The 2012 Detroit Auto Show: Everybody's Gone Green
I was amazed to sit through Toyota’s dog and pony show, hosted by Jim Lentz, president and chief operating officer, in which he didn’t talk about anything but green cars. To be sure, the event of the day was the introduction of the Prius C, the latest addition to the family of the world’s most popular hybrid car, but still.
“Ten years ago, there were just 10 gas-electric hybrids,” Lentz said. “Now the hybrid has arrived and every automaker has them. Hybrids have energized our industry.” Indeed, they have—the Prius was the first car to bring electricity into our modern field of vision. I liked the sawed-off (13.2 feet) Prius C just fine, and was captivated both by its 53 mpg (“the highest city fuel efficiency of any car in America without a plug”) and by its price—which will be “well under” $19,000. This is an excellent package, the country’s best mpg and the lowest-priced hybrid.
A plug-in hybrid version of the Prius will be on the market in a couple months, giving Toyota a formidable package to rival that of Ford—which showed two hybrid versions, including a plug-in (“Energi”), of the redesigned 2013 Fusion. The Fusion was the hit of the show, along with the revitalized Dodge Dart, which could be the most fruitful result of the Chrysler/Fiat partnership.
The Dart name was originally retired in 1976, an event that sent both me and the Magliozzi brothers into mourning. The new Dart, which is very cool looking (the Fusion has a slight edge), sits atop a stretched chassis sourced from the Alfa-Romeo Guilietta, a much-loved four-door sedan on the world market that could find its way to our shores eventually. There’s no hybrid version, but the four-cylinder engines (one a turbo) offer great fuel economy in the compact segment—up to 40 mpg on the highway.
After these turbo-charged introductions the debut of the Honda Accord Coupe concept seemed a bit anti-climactic. Underneath the spoilers and bright red pearlescent paint the car was pretty familiar looking. Honda stumbled badly with its too-bland redesigned Civics, and it needs to get the magic back. Honda has been making Accords in Ohio for 30 years, a fact it symbolized with the display of the very first one to roll off the line in Marysville. (On loan from the Henry Ford Museum!)
John Mendel, an executive vice president of American Honda, said natural disaster, in the form of Japanese tsunamis and Thai flooding, hurt the company badly in 2011. “We had to cut 200,000 units from the production schedule,” he said. “And our competitors picked up a lap or two while we were in the pits. But now we’re again on full power and firing on all cylinders.” Oy, all those metaphors!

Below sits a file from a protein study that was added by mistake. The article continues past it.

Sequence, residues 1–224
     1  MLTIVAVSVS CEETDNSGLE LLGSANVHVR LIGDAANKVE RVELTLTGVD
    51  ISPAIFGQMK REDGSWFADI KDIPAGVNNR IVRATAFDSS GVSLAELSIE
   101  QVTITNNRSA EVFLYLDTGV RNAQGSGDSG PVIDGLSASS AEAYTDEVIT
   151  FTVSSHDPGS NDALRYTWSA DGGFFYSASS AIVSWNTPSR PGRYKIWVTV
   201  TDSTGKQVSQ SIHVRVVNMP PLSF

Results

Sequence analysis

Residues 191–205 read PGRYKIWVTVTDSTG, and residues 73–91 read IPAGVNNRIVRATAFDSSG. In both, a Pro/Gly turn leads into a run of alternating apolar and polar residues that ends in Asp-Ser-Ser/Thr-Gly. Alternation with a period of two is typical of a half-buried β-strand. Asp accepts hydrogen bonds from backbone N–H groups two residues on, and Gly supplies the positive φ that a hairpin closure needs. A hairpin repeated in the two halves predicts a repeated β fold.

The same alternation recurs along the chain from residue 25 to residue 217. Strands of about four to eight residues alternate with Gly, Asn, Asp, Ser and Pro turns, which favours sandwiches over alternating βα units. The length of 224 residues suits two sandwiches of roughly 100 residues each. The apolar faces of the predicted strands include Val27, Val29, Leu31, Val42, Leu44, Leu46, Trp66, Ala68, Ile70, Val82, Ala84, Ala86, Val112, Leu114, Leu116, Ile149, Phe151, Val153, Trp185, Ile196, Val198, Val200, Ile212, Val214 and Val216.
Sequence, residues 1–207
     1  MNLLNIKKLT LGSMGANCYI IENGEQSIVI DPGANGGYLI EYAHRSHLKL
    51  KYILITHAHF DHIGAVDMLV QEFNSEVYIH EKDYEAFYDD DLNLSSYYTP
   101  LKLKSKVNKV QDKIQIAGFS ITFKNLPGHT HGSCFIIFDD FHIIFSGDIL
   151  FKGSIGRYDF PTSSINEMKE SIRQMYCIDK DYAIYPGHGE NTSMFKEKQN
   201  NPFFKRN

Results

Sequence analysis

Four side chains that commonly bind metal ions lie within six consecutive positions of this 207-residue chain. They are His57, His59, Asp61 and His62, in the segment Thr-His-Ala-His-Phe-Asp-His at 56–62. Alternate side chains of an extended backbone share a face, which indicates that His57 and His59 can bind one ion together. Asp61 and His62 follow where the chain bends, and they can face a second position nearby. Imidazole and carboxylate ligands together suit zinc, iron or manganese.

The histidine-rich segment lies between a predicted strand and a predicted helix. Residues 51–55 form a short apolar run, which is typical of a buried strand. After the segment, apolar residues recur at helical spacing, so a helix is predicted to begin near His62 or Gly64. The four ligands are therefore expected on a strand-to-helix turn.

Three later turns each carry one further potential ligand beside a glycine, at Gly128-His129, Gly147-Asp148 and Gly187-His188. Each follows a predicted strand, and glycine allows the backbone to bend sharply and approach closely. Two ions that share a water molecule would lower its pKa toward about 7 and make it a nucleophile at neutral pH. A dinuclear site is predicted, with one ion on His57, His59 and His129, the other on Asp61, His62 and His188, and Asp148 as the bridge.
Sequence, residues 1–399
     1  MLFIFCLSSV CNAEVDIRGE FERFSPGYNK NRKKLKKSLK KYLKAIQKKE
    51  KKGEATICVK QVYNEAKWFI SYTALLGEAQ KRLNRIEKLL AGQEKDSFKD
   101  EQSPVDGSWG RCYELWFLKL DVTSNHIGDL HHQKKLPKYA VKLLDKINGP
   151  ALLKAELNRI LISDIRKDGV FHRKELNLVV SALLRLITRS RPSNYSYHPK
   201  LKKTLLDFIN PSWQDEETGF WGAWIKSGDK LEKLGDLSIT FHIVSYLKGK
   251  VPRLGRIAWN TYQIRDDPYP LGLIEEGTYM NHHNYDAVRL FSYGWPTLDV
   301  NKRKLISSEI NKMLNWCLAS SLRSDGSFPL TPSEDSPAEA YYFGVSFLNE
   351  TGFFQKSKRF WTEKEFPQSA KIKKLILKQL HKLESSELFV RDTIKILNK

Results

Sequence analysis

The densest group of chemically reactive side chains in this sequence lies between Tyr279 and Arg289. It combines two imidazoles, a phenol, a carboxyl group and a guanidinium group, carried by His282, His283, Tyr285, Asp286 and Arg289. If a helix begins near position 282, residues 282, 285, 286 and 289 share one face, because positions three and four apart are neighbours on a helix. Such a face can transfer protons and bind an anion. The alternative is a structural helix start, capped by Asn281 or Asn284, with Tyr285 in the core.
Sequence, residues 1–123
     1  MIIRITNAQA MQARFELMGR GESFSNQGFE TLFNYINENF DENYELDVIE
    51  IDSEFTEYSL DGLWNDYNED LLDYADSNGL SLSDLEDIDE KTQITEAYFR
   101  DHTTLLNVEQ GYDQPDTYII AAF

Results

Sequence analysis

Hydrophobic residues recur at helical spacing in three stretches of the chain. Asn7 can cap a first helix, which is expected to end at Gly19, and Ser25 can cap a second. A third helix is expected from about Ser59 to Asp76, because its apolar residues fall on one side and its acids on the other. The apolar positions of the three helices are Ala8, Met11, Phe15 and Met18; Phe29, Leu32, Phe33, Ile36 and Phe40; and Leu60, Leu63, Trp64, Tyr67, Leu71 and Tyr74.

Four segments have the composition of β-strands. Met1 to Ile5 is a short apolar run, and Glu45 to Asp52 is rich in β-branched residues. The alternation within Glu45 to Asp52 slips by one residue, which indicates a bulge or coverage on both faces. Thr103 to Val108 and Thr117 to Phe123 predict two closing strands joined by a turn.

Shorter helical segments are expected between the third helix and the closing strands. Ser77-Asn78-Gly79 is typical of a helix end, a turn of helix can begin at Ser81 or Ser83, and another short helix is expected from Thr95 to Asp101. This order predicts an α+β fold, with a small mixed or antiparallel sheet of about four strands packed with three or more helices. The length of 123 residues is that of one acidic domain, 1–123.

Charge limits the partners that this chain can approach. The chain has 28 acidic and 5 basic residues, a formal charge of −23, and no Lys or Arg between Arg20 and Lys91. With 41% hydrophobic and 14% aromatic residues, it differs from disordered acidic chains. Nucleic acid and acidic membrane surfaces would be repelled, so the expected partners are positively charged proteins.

Honda has built 11 million Accords since 1976, and the model has picked up 26 Car and Driver “10 Best” awards, but what has it done for us lately? The auto industry is unforgiving—if an illustrious history guaranteed much of anything then Packard and Pierce Arrow would still be going concerns.
The previous day, the Acura division tried to stir up some good mojo by offering no less than three concept cars, including a new (again, too conservative) RDX compact SUV, a sporty ILX sedan (better) and the grand return of the much-fabled NSX. For that one, Honda brought out no less a dignitary than Takanobu Ito, the president and CEO of Honda Motor—who as a young engineer had worked on the original NSX supercar. Obviously, the new one is a labor of love, but it might help the company get back on track—literally, because Ito said they were going to race it.
I’d be happy if I was Hyundai, because the Elantra—a car I’ve long touted—won the North American Car of the Year award. Cars like the Elantra are why Honda has to sharpen its game—not all the lost sales were due to tsunamis. The Elantra is pirating Civic buyers, with 40 mpg and a very sharp package for $17,000 and change.
The show also offered an interesting start-up in the form of Via Motors, which is launching plug-in hybrid versions of several big (read, very big) GM vehicles, including a Silverado pickup truck, an Express van and a Suburban. The company, which has some strong GM connections (including former vice chairman and auto celebrity Bob Lutz as a board member), is claiming it can get 100 miles per gallon equivalent out of these big-gun fuel lovers, and also offer contractors and other customers the opportunity of mobile power (in the form of 110- and 220-volt outlets).
The Suburban features a monster 402-horsepower electric motor that should duplicate the power and hauling ability of the original vehicles. Via COO Alan Perriton demonstrated the lightness of the motor by bench-pressing the thing, but since it weighs 108 pounds he put it down rather quickly.
Via is using lithium-ion batteries from A123, which is gaining increasing prominence in the space—its batteries are also in the BMW 3- and 5-Series ActiveHybrids. “It’s great that another major manufacturer is using our technology,” said Jason Forcier, a vice president at A123. “It’s exciting, because these BMWs are two great examples of cars that consumers will be able to buy.” An all-new 3-Series made its debut in Detroit, and the hybrid is an important part of the lineup.
There was much more at the show, of course. Smart, which is bringing in a new model in 2014, showed a cute pickup truck as a stopgap measure—and announced that its Car2Go sharing service is expanding into Washington, D.C. And I finally got to see the Tata eMO, which is a tiny electric concept car from India. Although Tata (maker of the Nano) has no production plans, it took the trouble to build the car to pass U.S. crash testing. The minuscule car has dual induction motors, liquid-cooled lithium-ion batteries and a nicely upright design that offered plenty of rear-seat headroom.
All in all, a pretty good show. And, it goes without saying, very, very green. Here’s a closer look at the Tata eMO on video: